Retailers whose shops are located within the New York City subway have returned to one question since the pandemic hit: “How do we survive?”
Since March, 77 of the 321 retail businesses that operate underground have permanently closed, the New York Times reported.
“We don’t have tourists, people are all working from home. We have nothing,” Jairo Cardenas, whose shoe shine business is within the sprawling Times Square station, told the Times.
Restaurants and retails have been struggling during the pandemic, with capacity rules and fears of contracting the virus keeping customers away. For subway retailers, that’s compounded by fewer people using mass transit: Ridership cratered after the pandemic hit in March, and as of early November, it’s still down 70 percent below normal 2019 levels.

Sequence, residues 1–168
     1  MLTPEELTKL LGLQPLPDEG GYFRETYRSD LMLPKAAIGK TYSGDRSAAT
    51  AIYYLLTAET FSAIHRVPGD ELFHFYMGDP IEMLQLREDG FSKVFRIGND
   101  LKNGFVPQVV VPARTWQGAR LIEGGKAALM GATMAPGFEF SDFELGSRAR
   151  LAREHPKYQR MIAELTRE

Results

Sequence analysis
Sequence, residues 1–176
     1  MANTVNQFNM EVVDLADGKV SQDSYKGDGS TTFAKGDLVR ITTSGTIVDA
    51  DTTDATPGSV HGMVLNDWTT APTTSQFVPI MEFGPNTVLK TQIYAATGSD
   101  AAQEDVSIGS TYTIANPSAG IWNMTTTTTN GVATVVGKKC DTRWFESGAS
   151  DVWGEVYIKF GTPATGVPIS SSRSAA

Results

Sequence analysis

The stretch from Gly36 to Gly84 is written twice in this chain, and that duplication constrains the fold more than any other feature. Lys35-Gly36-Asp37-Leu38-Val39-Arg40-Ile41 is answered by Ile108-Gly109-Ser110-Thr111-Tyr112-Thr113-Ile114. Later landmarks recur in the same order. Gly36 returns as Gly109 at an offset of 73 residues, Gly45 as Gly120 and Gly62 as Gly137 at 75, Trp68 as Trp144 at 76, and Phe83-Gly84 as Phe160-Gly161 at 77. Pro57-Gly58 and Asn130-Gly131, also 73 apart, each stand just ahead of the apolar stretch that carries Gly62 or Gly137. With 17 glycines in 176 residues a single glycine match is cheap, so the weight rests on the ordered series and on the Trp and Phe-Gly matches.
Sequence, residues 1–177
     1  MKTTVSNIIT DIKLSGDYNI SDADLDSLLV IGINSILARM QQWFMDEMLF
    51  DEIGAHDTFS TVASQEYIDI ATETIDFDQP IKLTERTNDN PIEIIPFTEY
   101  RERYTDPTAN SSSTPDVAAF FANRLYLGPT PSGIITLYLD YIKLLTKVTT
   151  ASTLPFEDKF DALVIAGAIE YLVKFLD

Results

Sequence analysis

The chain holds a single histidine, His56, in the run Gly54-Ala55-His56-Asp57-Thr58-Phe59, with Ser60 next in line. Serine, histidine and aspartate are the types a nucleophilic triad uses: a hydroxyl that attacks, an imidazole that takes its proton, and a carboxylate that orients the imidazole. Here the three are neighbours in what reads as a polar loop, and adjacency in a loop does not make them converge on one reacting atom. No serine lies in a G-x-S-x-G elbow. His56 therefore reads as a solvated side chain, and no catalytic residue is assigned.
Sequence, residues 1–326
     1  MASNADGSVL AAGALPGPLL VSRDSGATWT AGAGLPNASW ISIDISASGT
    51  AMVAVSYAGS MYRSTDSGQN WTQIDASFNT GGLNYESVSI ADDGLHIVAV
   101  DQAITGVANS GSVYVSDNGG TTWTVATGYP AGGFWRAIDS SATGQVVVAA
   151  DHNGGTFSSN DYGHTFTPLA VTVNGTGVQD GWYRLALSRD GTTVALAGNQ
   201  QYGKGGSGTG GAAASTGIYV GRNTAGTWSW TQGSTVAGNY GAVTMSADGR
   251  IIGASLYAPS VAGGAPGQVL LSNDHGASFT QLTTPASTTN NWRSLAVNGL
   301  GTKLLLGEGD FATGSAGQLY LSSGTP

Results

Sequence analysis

Stores located within subway stations face additional challenges as they can’t take advantage of the de Blasio administration’s recently announced open storefronts initiative, which will allow shop owners to set up tables or kiosks on the sidewalk outside of their stores. Businesses must have outdoor space available to be eligible.
Even iconic businesses aren’t immune: At the Grand Central Oyster Bar, diners traveling through Grand Central Terminal once packed the century-old restaurant. But within two weeks of reopening after indoor dining was permitted, foot traffic dwindled, causing the restaurant to shut down.
“It’s just not sustainable,” Sandy Ingber, the executive chef and a co-owner, told the Times. “Until we have more foot traffic in Grand Central we just can’t do it.”
[NYT] — Sasha Jones